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What a dewy freshness and fragrance breathe from his lines on May Morning :
Now the bright morning star, day's harbinger,
We are all familiar with Milton's majestic Morning Hymn: how grandly it opens :
These are thy glorious works, Parent of good :
No less beautiful is his description of Evening in Paradise :
Now came still evening on, and twilight gray
Silence accompanied; for beast and bird,
What a rich collection of little gems might be gathered from the brilliant pages of this great poet, had we space for the garnering. Here are two or three, caught at random :
From Comus :
How charming is divine philosophy !
From L'Allegro :
Lap me in soft Lydian airs,
From Lycidas :
Fame is the spur that the clear spirit doth raise
(That last infirmity of noble mind)
But the fair guerdon when we hope to find,
How much the world is indebted to the “blind old master of English song,” it would be impossible to compute ; for not only has he enriched our literature with the vast resources of a mind pre-eminently endowed, but he was among the foremost of the pioneers of civil and religious liberty. His able and authoritative pen served as efficiently in that noble emprise, as legions of armed soldiers in the field. As the champion of human freedom, he was necessarily obnoxious to the opposing party; accordingly, on the accession of Charles II., Milton became the object of bitter hostility: to such an extent, indeed, that in order to save his valuable
life, his very existence had for a time to be kept secret. It is said that his friends spread a report that he was dead, and, assembling a mournful procession, followed his pretended remains to the grave. The king, some time afterwards discovering the trick, commended his policy “in escaping death by a seasonable show of dying.” It is related of the Duke of York, that when, on one occasion, he visited Milton, and he was asked whether he did not regard the loss of his eyesight as a judgment inflicted on him for what he had written against the late king ? he replied, “ If your highness thinks that the calamities which befall us here are indications of the wrath of Heaven, in what manner are we to account for the fate of the late king, your father? the displeasure of Heaven must, upon this supposition, have been much greater upon him than upon me, for I have only lost my eyes, but he has lost his head !” Despised and persecuted as this illustrious man was for his political faith, he stood calmly and grandly forth, in the majesty and integrity of truth, amidst all; and his posterity has not forgotten his noble service. John Milton's great spirit left the world on Sunday, the eighth of November, 1674 ; and his sacred dust reposes near the chancel of St. Giles's, Cripplegate ;-a shrine, whither tend many pilgrim feet from all parts of the civilized world. It is a note-worthy fact, that while the greatest of English poets (the bard of Avon alone excepted) received only the trifling sum of five pounds for the first edition of his great epic, one of his editors, Newton, received six hundred guineas for his annotations upon it.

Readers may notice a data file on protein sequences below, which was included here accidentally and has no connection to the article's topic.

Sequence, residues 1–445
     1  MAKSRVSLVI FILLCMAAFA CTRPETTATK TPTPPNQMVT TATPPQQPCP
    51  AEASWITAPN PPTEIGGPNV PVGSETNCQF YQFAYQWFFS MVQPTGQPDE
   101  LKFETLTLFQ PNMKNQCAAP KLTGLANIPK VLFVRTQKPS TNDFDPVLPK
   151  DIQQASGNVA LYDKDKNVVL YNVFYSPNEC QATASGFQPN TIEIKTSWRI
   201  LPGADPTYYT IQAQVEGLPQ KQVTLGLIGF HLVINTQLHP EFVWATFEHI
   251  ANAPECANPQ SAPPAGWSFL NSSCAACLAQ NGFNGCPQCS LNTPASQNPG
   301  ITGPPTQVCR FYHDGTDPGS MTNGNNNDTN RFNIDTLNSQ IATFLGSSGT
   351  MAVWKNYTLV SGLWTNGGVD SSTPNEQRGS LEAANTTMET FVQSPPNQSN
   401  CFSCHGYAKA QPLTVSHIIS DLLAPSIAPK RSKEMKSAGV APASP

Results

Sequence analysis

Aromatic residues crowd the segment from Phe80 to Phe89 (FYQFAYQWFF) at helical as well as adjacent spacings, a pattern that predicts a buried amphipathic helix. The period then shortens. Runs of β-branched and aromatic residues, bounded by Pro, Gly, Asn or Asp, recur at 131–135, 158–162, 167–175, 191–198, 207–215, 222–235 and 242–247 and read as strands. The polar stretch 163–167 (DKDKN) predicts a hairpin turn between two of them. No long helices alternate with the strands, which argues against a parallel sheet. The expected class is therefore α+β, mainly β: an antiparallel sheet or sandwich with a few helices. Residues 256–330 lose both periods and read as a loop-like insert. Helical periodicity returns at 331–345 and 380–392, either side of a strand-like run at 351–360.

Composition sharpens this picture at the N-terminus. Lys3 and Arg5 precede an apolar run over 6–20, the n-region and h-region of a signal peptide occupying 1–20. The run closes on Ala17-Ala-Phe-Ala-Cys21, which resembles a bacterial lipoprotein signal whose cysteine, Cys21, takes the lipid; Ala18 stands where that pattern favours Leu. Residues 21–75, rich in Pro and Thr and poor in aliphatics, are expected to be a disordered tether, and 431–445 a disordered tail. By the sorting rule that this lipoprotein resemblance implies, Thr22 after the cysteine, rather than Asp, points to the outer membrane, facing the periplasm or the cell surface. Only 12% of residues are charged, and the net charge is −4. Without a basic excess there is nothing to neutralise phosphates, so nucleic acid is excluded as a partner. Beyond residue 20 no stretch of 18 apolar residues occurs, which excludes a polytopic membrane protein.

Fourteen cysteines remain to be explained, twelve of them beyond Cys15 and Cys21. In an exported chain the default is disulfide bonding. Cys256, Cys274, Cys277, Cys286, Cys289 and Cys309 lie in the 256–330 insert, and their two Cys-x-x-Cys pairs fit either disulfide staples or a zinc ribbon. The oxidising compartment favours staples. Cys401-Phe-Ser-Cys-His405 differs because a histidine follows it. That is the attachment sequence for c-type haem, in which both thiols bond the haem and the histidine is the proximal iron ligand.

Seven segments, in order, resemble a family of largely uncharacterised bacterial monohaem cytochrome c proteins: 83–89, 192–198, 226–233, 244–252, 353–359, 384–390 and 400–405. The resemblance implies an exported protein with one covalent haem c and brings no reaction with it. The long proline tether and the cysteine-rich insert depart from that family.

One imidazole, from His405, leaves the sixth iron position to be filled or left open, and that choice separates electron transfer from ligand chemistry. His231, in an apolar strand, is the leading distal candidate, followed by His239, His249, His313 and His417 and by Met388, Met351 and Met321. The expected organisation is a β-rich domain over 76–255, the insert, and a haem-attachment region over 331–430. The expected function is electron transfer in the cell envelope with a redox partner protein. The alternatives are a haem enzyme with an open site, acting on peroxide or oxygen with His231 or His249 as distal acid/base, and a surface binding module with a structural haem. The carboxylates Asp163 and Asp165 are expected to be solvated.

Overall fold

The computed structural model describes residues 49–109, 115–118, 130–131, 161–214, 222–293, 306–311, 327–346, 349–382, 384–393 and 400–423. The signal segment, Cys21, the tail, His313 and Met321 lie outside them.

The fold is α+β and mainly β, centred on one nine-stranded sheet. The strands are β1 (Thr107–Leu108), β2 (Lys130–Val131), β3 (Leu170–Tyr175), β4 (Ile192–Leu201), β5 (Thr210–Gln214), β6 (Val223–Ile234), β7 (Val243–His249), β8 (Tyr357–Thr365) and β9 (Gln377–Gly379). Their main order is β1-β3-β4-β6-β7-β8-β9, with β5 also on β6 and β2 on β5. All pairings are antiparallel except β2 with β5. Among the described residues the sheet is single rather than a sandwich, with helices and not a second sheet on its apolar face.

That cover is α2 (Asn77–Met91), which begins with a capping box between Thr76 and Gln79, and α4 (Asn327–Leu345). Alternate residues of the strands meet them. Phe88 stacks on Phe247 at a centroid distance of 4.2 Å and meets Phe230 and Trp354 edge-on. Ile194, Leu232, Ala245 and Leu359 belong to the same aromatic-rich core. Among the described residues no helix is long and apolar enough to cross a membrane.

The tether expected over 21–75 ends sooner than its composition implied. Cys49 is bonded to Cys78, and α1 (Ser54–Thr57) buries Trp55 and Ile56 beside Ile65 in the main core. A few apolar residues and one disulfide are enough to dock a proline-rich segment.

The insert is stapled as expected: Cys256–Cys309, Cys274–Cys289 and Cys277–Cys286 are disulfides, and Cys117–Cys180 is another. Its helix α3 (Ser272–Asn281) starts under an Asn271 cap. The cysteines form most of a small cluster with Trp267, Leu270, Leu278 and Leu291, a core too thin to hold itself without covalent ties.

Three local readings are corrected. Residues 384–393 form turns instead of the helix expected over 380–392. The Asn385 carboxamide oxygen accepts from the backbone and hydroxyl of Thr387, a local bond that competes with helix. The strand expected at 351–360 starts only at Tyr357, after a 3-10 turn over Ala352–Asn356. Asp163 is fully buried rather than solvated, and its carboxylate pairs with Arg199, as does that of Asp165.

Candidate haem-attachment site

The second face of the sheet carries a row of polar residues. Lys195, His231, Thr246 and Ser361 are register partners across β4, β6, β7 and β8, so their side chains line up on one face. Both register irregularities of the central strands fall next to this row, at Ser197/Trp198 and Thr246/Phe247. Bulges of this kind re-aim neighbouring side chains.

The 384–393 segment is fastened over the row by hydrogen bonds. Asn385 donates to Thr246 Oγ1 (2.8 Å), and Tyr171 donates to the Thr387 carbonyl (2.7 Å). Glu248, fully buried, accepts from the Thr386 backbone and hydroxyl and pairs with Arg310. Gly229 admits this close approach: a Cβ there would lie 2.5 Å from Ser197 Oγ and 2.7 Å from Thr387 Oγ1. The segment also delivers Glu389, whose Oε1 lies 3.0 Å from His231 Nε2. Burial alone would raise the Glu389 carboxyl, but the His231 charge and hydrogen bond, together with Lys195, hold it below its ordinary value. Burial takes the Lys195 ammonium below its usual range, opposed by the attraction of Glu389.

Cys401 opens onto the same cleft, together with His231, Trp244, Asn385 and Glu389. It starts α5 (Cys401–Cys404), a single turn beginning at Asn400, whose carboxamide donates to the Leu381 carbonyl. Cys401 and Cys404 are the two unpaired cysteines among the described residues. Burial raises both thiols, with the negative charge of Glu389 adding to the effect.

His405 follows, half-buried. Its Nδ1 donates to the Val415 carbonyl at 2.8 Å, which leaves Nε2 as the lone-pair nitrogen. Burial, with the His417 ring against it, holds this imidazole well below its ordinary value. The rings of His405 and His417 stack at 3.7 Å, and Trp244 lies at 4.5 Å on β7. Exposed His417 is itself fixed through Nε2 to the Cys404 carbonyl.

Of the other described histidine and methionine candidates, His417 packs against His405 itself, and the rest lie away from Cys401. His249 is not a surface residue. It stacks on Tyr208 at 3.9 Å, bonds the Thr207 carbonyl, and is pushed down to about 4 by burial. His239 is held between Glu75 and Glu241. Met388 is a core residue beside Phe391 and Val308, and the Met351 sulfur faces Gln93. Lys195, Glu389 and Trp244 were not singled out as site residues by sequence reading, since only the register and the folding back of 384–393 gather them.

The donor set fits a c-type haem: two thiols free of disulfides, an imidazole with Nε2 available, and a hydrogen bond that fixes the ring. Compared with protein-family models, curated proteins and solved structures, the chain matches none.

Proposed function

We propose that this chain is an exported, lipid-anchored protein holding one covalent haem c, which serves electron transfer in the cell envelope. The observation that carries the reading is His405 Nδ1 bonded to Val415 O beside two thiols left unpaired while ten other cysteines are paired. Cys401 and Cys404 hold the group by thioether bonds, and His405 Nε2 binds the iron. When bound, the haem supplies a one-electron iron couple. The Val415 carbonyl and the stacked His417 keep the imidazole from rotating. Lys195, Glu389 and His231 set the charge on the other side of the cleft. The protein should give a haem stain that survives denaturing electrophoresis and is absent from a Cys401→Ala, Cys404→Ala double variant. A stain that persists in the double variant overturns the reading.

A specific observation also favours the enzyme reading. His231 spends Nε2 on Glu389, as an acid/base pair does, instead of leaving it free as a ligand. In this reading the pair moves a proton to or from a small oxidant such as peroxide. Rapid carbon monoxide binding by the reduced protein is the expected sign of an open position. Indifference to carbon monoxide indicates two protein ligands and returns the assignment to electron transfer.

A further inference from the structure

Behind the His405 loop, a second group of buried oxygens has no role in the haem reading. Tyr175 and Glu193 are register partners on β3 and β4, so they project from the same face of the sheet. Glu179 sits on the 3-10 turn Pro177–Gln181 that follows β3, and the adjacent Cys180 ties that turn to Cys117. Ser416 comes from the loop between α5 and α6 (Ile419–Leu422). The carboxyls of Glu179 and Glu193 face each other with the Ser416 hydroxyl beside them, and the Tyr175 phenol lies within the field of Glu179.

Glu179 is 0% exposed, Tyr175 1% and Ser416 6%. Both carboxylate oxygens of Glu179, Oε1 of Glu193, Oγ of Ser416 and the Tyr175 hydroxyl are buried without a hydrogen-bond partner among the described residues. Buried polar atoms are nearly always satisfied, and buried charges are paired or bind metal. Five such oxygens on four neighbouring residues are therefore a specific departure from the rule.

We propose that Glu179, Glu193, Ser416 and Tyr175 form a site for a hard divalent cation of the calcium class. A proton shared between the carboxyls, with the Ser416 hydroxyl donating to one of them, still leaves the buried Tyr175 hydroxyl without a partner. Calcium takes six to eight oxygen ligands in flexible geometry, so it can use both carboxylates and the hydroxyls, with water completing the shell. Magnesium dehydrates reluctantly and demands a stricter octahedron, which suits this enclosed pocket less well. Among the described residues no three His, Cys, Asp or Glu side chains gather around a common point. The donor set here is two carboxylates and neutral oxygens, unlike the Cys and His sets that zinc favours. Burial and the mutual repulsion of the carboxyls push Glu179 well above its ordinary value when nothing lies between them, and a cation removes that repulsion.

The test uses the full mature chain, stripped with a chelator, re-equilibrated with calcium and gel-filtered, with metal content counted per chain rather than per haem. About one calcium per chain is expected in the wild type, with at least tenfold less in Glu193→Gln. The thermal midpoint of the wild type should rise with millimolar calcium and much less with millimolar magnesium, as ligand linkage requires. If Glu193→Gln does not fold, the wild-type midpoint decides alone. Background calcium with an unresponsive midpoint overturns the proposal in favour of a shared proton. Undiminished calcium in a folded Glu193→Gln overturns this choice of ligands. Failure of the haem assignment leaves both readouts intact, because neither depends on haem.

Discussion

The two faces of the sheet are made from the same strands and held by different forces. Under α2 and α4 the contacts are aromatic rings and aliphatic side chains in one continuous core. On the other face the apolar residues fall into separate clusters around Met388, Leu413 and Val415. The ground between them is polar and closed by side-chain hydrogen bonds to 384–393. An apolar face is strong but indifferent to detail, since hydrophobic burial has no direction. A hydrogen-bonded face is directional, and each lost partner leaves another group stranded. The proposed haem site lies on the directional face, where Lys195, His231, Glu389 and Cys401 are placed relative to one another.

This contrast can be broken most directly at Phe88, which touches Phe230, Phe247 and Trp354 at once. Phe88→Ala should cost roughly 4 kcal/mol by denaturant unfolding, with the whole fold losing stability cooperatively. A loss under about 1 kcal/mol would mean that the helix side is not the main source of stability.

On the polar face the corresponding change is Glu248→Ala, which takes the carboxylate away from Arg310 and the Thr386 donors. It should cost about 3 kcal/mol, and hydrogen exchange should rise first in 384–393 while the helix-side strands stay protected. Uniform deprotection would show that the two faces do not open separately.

The following vigorous and impressive stanzas are by Byrd :
My mind to me a kingdom is ;
Such perfect joy therein I find,
That God or nature hath assigned.
Content I live; this is my stay,
I seek no more than may suffice;
Look, what I lack, my mind supplies.
Some have too much, yet still they crave;
I little have, yet seek no more ;
And I am rich with little store.
My wealth is health and perfect ease ;
My conscience clear, my chief defence ;
Nor by desert to give offence.
CHAMBERLAYNE, a poet but little known, but of evident genius, is the author of this beautiful description of a summer morning :
The morning hath not lost her virgin blush,